We’ve been dreaming and scheming about chasing burn morels across Arizona, New Mexico, Utah and Colorado all year. With COVID-19 and dry weather across the four states, it wasn’t looking good. As the nation slowly began to open and our antsiness to find fungi grew, we decided to follow the moisture and head to Oregon for a quick trip. A bit later than usual for us but in Oregon the rains had been plentiful and the morels abundant.
The adventure started with 3 days around Crater lake hunting for natural blonde morels and spring porcini. The porcini were plentiful but we were a week late for the natural morels. Instead of chasing morels up to new elevations or locations, we hung around and hunted the spring kings (Boletus rex-veris) for a few days. The harvest was either dehydrated or sautéed and then frozen. I especially enjoy frozen boletes which retain that fresh flavor. Another highlight was hitting a third year burn and scoring a nice bag of burn morels.
While the porcini were plentiful, so were the worms. About 50% of the specimens ended up being buggy. Even though the stems appeared clean as we picked, we found them later in the caps. Time was not a friend – if we didn’t process or cool our harvest immediately the bugs rendered the mushrooms worthless. Cutting the mushrooms fully in half turned out the be the only accurate way to see if they were buggy.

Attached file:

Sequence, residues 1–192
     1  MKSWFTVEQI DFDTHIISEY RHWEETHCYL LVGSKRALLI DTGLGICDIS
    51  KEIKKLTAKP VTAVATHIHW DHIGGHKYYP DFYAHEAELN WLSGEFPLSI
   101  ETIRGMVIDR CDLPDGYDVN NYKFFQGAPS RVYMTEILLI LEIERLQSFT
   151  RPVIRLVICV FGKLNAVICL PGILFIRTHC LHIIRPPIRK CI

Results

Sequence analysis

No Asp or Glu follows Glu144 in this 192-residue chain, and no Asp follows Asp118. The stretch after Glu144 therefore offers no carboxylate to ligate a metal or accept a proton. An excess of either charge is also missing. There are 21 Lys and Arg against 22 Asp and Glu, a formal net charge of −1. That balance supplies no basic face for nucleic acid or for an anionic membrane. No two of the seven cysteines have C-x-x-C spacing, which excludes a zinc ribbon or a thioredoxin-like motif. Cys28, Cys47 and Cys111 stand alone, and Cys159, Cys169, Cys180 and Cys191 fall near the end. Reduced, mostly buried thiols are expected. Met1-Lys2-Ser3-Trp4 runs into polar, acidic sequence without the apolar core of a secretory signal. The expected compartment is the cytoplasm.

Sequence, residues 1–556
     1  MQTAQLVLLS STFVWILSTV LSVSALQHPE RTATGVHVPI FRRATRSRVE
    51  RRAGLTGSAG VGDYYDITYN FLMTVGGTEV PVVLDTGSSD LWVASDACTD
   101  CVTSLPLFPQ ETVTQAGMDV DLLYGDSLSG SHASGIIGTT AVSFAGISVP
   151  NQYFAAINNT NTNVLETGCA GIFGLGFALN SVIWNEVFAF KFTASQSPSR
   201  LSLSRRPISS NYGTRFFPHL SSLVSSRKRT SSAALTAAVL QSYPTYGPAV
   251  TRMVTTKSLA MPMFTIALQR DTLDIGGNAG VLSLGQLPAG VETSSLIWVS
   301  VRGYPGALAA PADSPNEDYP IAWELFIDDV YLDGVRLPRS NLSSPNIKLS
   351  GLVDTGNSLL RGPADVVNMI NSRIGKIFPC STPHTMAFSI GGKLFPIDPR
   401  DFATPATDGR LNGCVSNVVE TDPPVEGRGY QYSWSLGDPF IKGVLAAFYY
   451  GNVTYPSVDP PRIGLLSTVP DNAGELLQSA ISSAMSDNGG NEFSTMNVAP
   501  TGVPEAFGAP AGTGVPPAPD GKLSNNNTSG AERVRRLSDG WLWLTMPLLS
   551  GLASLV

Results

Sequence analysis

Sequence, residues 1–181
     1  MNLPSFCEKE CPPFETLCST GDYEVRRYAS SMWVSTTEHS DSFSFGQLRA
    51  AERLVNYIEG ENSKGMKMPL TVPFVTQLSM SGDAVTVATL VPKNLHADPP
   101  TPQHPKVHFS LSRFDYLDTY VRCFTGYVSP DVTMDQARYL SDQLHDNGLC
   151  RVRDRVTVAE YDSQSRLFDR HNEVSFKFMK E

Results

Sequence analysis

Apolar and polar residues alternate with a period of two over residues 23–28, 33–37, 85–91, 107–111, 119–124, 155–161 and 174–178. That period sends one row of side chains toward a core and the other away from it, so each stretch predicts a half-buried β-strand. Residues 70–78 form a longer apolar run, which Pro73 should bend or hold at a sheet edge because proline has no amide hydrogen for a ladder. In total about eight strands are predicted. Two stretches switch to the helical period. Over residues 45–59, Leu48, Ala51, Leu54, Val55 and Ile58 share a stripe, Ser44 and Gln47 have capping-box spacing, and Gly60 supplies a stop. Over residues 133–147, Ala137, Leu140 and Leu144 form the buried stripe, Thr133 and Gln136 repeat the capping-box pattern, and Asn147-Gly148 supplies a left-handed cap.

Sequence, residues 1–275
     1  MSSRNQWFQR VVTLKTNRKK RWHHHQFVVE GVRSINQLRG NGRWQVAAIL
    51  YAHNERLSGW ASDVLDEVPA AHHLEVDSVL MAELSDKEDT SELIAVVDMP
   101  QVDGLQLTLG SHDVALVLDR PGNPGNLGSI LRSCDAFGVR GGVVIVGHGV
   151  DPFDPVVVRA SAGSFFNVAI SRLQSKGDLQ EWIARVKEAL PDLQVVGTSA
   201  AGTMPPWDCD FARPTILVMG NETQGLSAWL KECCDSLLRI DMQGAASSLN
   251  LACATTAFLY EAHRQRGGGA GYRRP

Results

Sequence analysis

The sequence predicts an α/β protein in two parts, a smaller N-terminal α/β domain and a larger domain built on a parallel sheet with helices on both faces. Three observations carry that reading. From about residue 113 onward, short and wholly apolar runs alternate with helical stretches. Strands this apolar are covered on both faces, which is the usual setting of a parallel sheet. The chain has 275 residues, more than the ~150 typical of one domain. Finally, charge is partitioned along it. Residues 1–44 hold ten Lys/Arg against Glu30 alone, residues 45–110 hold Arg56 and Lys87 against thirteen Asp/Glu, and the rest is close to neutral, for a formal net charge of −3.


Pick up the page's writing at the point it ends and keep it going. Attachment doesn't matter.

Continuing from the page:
If you are after the spring kings – always have a plan to keep your shrooms cold and get them processed right away!
Post Crater we moved North and East to John Day, Oregon to check out the Cow fire. We were excited to have our friend, Graham Steinruck, pop over from Olympia WA to join us on the hunt. This fire had been producing prodigiously and was virtually a tourist attraction. Despite the popularity we picked it for three cool and rainy days. The forest was flushing mushrooms, albeit slowly in the cool rain, at all elevations. The mushrooms were a bit small but the quality was generally good. It seemed like many pickers had already combed the woods and harvested an epic first flush. Fortunately there were enough left behind for us to wear ourselves out and fill our bags each day.
The 2020 Cow fire was a lesson in timing, something morels deliver on a regular basis! We missed an epic harvest a week earlier and it seemed like another flush was coming after we left. There were flushes going on in other nearby burns as well. Yet, despite the middle timing, it also demonstrates that when a large burn is in the right habitat and the right weather comes, there are plenty of mushrooms for all. Instead of kicking off to a different burn, it was fun to hunt the same area for a few days and watch the mushrooms grow so to speak.
Sadly, after the Cow fire it was time to head home. We did visit a nice burn in McCall Idaho on the way home, but it was snowy, cold and rainy and just not quite the right time for morel hunting.
While shorter than most of our mushroom chasing trips, we were lucky to have been able to get out for the 2020 burn morel hunt during these strange times.
We returned to a very dry Colorado on fire – hoping for some relief for the fires and a change of weather patterns as our mushroom season nears.